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Old 07-07-2020, 07:27 PM
 
Location: Eindhoven, Netherlands
10,459 posts, read 13,360,845 times
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*President doesn't need to be active

Frank Sinatra?

11...

Franklin D. Roosevelt
Harry S. Truman
John F. Kennedy
Lyndon B. Johnson
Richard Nixon
Gerald Ford
Jimmy Carter
Ronald Reagan
George H.W. Bush
Bill Clinton
Donald Trump


Maybe also Hoover, Eisenhower and Bush Jr. but i can't find any info.
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Old 07-08-2020, 11:56 AM
 
13,690 posts, read 19,811,339 times
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Hi might be beat, or at least tie Bob Hope:

I’ve known eleven presidents about as intimately as a man can without being either a fellow politician or related. I’ve golfed with them, dined with them, told jokes with them. I’ve even had them steal my material. Laughter is nonpartisan—a great leveler. And maybe that’s the one thing all eleven presidents have in common. As long as it’s funny, you can say almost anything to them and get away with it.—Bob Hope, 1996
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Old 07-08-2020, 12:24 PM
 
2,772 posts, read 770,698 times
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Honestly, I'd have to put an asterisk on Trump in the first list. Sinatra died in 1998, when DJT was nothing but a New York developer. I get the caveat, but having met a fellow celebrity more than fifteen years before his name and "president" were ever used in the same sentence is... a stretch. Like counting someone who served with Truman or JFK long before either entered politics.

I'd bet Hope wins simply from longevity. And possibly someone in the same entertainment vein — Carl Reiner? George Burns? Maybe I.M. Pei, who just died (still active) at almost 102?
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Old 07-08-2020, 12:38 PM
 
Location: WV and Eastport, ME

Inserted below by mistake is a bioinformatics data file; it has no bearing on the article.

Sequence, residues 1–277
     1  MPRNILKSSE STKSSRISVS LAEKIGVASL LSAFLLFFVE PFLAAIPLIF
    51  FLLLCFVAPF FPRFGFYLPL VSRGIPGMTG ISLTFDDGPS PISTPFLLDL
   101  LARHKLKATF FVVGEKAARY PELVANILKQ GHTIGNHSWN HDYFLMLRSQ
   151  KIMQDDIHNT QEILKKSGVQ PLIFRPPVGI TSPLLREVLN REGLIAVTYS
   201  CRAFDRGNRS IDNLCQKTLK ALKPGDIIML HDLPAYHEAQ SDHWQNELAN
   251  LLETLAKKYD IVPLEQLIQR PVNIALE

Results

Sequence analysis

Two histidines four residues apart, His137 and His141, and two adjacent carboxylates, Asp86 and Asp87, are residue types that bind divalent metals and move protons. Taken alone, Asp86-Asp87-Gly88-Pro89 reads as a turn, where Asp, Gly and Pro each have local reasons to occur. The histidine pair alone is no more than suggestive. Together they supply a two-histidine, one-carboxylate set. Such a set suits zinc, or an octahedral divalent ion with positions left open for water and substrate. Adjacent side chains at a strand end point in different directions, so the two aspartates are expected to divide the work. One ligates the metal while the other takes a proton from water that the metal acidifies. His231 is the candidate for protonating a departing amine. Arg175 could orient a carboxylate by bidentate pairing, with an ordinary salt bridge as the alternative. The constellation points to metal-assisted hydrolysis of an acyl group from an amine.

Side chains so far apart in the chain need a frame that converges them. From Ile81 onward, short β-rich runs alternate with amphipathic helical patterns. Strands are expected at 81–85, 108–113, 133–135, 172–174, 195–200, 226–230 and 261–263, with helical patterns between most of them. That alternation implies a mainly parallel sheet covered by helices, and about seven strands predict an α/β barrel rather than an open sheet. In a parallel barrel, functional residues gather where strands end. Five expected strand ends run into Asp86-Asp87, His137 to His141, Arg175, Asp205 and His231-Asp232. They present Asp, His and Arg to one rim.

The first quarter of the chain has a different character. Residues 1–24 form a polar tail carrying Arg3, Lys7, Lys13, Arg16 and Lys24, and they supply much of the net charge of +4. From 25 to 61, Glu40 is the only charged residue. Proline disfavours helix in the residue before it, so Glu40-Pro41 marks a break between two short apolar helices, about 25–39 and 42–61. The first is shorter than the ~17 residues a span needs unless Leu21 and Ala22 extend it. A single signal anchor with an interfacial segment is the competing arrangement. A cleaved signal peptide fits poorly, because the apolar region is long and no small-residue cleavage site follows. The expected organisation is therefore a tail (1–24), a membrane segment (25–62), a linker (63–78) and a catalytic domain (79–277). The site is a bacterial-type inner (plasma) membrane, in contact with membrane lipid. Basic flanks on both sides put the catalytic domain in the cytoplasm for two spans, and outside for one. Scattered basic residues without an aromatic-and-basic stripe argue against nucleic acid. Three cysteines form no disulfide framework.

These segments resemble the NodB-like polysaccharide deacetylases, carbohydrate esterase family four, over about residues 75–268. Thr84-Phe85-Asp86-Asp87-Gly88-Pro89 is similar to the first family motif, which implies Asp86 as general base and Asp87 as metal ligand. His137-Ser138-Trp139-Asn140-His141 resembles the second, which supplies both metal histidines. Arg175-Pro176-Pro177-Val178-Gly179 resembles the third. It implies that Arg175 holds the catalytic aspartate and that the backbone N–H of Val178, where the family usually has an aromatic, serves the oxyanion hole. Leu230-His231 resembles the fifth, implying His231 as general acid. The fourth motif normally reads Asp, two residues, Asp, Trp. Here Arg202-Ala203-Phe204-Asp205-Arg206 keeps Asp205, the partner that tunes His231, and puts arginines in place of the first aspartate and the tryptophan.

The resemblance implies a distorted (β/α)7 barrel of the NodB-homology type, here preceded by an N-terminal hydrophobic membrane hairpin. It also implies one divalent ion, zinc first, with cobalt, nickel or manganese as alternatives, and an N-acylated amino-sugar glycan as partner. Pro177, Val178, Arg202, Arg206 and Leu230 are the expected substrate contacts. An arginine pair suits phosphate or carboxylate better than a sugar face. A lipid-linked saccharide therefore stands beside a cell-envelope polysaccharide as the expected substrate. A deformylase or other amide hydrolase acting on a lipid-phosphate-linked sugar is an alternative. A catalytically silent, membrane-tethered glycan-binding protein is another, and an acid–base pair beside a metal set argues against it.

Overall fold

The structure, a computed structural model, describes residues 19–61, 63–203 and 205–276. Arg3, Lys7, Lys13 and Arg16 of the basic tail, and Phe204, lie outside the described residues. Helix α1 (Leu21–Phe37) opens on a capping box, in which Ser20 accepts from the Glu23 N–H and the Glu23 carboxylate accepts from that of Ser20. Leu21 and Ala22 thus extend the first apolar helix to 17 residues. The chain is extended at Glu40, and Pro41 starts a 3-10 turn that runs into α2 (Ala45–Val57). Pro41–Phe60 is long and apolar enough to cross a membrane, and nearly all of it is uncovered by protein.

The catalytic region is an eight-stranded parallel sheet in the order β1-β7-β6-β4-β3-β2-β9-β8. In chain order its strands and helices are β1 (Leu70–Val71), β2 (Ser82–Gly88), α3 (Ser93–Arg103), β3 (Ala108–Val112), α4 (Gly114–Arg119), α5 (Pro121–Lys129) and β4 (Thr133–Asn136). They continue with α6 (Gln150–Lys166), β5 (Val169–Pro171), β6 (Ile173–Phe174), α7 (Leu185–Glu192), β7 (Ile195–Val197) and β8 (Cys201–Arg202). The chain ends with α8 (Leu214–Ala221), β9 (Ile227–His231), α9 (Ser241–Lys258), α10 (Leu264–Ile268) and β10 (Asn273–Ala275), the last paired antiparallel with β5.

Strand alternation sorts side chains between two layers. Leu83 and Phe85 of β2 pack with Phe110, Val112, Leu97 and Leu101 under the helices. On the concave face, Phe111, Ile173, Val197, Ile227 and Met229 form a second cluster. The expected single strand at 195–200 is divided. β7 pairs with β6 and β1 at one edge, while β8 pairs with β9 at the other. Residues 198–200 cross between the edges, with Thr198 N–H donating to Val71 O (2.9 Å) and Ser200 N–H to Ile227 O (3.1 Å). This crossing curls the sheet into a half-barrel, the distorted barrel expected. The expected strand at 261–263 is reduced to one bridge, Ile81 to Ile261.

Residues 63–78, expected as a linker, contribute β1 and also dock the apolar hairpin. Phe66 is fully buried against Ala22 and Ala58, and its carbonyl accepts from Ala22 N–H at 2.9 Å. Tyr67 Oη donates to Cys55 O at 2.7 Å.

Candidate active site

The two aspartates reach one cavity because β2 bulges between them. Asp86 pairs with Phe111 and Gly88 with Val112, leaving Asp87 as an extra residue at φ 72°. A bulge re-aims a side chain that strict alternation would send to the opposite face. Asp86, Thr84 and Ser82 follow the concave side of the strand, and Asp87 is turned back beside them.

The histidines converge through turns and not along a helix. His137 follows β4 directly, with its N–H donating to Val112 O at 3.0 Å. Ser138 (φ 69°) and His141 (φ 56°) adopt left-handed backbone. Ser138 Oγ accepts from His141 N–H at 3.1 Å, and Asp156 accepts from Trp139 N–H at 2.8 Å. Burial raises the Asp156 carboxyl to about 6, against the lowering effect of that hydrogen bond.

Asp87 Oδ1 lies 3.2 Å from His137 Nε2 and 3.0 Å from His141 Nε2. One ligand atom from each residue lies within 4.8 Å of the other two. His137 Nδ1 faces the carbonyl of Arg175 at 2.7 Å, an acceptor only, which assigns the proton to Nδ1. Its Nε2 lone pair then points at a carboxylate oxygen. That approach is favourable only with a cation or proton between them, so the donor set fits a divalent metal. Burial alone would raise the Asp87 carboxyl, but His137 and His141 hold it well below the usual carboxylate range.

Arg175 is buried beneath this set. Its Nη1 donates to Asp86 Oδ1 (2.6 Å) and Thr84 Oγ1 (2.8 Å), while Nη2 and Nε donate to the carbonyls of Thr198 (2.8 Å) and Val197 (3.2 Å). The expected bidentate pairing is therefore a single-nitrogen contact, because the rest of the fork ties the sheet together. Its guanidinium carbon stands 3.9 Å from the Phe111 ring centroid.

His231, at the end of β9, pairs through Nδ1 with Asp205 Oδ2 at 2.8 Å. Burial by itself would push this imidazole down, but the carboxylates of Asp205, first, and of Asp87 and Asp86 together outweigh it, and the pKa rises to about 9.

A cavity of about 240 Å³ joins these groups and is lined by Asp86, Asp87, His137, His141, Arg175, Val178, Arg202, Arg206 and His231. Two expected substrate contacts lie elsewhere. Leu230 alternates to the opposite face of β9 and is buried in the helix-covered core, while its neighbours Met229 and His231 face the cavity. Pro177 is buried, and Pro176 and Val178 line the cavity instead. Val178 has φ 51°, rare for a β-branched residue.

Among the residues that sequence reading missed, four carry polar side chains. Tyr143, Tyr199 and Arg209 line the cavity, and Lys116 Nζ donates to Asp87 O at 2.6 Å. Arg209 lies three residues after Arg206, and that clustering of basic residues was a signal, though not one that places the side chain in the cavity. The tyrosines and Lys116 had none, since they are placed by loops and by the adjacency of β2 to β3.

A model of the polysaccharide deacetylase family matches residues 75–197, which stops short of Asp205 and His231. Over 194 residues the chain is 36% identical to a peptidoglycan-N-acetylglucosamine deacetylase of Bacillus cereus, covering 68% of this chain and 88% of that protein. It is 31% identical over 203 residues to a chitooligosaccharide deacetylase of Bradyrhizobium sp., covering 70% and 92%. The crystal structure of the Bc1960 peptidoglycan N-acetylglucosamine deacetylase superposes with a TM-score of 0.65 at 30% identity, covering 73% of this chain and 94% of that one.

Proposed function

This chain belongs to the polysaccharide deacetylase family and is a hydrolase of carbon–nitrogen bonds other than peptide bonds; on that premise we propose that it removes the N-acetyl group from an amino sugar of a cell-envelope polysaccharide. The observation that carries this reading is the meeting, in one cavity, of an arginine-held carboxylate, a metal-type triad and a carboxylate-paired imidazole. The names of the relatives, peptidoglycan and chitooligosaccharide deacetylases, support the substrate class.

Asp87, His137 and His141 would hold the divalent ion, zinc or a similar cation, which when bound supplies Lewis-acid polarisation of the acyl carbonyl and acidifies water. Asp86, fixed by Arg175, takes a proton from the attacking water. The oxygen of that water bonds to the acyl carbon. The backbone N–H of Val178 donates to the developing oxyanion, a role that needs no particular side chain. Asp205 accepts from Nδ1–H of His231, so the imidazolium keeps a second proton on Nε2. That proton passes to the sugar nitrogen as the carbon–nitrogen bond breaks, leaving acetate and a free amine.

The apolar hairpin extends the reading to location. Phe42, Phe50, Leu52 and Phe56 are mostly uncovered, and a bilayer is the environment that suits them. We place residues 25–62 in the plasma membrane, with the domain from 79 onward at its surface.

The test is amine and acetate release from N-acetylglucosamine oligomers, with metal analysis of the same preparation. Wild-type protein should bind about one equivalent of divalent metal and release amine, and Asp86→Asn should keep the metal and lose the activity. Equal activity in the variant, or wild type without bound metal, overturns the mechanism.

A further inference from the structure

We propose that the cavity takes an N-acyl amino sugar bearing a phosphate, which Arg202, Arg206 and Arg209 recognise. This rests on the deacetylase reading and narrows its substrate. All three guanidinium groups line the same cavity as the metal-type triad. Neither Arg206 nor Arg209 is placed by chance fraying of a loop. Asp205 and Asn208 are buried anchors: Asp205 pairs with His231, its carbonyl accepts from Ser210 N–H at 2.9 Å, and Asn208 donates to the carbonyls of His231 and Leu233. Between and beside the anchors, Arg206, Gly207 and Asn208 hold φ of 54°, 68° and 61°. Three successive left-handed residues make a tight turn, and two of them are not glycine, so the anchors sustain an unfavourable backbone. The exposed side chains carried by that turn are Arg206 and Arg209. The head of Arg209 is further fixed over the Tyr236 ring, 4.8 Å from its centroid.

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I'll bet Billy Graham shook hands with every President from Truman to Obama. Given his age, he may have met FDR too.
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Old 07-08-2020, 06:44 PM
 
2,772 posts, read 770,698 times
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Quote:
Originally Posted by mensaguy View Post
I'll bet Billy Graham shook hands with every President from Truman to Obama. Given his age, he may have met FDR too.
His web site has photos from Truman to Obama. I think they'd mention FDR had the men met.

Unless there is someone from a prior era who spanned more, I'd say we have, if not a solo winner, then a member of a very small class. Twelve.

If there's a thirteener, he would have had to span the short-term Presidents, from Harrison to McKinley. William Jennings Bryan comes to mind, although he was a politician in that he ran for the office three times. Maybe one of the very long-serving SCJs?

QE2 has met twelve, although she could be considered a politician.

A search brings up Alice Roosevelt Longworth, TR's daughter, who met 17 presidents and presumably shook hands with them all. That's going to be tough to beat.
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Old 07-09-2020, 08:02 AM
 
Location: The North Star State
2,874 posts, read 888,573 times
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It is worth noting that this hinges in part on the rate at which presidents leave office, as this affords the most potential meetings with presidents in a given amount of time.